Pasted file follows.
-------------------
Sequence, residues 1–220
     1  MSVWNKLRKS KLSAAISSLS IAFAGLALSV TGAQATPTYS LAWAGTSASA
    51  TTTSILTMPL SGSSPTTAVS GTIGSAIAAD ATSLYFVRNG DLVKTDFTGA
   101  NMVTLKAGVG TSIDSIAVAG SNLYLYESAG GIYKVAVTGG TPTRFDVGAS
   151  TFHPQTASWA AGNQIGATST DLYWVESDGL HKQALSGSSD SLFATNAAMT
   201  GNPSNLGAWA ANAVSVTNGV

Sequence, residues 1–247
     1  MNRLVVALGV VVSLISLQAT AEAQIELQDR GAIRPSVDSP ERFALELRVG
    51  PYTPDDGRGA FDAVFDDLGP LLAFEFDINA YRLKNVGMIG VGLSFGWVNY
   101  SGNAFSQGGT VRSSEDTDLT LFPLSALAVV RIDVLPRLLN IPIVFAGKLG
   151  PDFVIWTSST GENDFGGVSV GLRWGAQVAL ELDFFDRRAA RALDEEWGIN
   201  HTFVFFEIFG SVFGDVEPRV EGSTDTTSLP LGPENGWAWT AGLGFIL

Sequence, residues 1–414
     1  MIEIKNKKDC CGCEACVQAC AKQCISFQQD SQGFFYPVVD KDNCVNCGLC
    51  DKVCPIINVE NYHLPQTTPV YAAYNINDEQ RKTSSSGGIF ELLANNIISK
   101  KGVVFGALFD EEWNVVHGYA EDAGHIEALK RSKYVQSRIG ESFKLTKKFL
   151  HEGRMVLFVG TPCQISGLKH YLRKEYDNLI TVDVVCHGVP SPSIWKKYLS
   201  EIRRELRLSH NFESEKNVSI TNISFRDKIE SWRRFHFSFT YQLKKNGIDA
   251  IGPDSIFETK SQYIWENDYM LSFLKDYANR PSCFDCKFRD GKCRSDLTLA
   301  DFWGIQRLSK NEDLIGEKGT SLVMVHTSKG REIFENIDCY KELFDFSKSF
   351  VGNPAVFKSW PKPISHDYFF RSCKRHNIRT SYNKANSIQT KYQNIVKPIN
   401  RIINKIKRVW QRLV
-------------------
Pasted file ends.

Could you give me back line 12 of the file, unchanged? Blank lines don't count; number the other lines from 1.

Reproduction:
   201  HTFVFFEIFG SVFGDVEPRV EGSTDTTSLP LGPENGWAWT AGLGFIL